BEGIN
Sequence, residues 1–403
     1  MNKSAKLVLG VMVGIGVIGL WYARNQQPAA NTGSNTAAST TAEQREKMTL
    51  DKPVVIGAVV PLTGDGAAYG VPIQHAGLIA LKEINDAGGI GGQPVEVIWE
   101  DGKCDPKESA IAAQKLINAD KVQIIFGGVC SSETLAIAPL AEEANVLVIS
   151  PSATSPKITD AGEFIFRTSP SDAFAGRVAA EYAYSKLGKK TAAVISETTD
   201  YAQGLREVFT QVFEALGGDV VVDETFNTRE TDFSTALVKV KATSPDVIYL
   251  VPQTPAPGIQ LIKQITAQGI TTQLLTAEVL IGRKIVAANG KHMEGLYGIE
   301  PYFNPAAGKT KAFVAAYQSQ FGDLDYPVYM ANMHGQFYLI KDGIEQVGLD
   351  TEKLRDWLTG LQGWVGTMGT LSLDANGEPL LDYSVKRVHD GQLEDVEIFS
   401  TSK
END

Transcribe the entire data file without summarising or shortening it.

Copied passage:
Sequence, residues 1–403
     1  MNKSAKLVLG VMVGIGVIGL WYARNQQPAA NTGSNTAAST TAEQREKMTL
    51  DKPVVIGAVV PLTGDGAAYG VPIQHAGLIA LKEINDAGGI GGQPVEVIWE
   101  DGKCDPKESA IAAQKLINAD KVQIIFGGVC SSETLAIAPL AEEANVLVIS
   151  PSATSPKITD AGEFIFRTSP SDAFAGRVAA EYAYSKLGKK TAAVISETTD
   201  YAQGLREVFT QVFEALGGDV VVDETFNTRE TDFSTALVKV KATSPDVIYL
   251  VPQTPAPGIQ LIKQITAQGI TTQLLTAEVL IGRKIVAANG KHMEGLYGIE
   301  PYFNPAAGKT KAFVAAYQSQ FGDLDYPVYM ANMHGQFYLI KDGIEQVGLD
   351  TEKLRDWLTG LQGWVGTMGT LSLDANGEPL LDYSVKRVHD GQLEDVEIFS
   401  TSK